In the UK people tend to bring wine (or chocolates) when invited to dinner, in France it is more usual to bring flowers, (as the French are very particular about their wine and if you brought an inappropriate bottle, they would feel obliged to serve it and soil the palate of the meal – sacre bleu!) unless they bring Champagne, which can never be wrong!
My friend Mireille (of Mireille’s favourite ‘Treacle Tart’ fame) always supplies the Champagne, so she is now know as ‘Bubbles’!

These lovely flowers were recently given to me by my friend Marc (who incidently brought wine and Champagne also – he would never get it wrong) And the gorgeous plant was given to me, by a friend of Monsieur le Frog who came to dinner.

Back to the salad…….


A good handful of mixed salad leaves per person

1 small beetroot very finely sliced

A handful of walnuts, broken into quarters

2 Spring (salad) onions, finely sliced (white and green)

A handful of dried Cranberries

Half a red or green pepper (or both!) finely sliced


A tablespoon of olive oil (I used ‘Olivier & Co.’ olive oil with mandarin oil)


Just toss it all together and serve immediately (super with my ‘No Lasagne, Lasagne’)

 (Lindy’s Non Lasagne, lasagne’ and Mireille’s favourite Treacle Tart)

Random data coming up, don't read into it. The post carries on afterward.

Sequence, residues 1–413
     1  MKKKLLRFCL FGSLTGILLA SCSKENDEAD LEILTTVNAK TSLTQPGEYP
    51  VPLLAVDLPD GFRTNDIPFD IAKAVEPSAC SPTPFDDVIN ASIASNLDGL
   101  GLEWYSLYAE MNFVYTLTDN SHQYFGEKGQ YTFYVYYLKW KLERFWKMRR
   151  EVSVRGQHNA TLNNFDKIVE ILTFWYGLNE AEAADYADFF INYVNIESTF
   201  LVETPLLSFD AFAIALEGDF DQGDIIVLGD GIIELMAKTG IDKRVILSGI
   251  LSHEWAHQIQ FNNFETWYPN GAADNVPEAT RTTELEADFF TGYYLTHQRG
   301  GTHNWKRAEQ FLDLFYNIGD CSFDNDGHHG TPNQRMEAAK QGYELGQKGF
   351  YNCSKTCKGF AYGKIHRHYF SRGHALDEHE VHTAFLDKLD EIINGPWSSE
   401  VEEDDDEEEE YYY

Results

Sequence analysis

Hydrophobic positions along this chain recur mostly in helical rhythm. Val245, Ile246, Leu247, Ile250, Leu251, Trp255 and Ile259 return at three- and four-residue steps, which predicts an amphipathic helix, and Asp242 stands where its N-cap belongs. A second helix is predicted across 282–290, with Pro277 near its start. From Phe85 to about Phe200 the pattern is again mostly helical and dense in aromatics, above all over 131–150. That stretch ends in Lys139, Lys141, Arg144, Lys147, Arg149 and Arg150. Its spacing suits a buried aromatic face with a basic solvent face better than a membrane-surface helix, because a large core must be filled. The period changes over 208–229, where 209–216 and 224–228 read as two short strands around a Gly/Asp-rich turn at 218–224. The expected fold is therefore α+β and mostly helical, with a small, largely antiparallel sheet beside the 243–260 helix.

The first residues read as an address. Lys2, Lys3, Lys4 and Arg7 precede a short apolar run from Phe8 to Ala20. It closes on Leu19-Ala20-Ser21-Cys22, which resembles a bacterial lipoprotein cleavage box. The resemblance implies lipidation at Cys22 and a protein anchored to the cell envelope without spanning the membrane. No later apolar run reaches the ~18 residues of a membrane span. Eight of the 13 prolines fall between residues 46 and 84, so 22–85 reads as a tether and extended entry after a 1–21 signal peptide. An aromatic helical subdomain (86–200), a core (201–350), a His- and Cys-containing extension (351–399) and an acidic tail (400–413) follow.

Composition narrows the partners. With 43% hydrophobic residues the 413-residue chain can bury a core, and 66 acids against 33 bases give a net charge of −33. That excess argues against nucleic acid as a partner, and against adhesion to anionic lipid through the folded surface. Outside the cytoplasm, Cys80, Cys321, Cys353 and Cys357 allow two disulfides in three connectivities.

Mozzarella Ciabatta and Pancetta parcels

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Well the grey skies are persisting (actually more like a blanket of milky opaque white), and now they have been joined by persistent drizzle and strong wind, which is all playing havoc with my hair and most days I resemble Bridget Jones after her infamous ride in Daniel Cleaver’s open top sports car!

But my defiant mood continues and here is another ‘sunny’ little recipe, that I served as a starter to my ‘Lemon Pesto Pasta’ (see last post for recipe).

This simple little dish has been a great hit on both sides of the channel and it is my step-daughter and her partner’s favourite entrée, when they come to dinner chez nous in Paris.

This can also be eaten cold and taken on a picnic – but I don’t anticipate going on one of those any time soon……….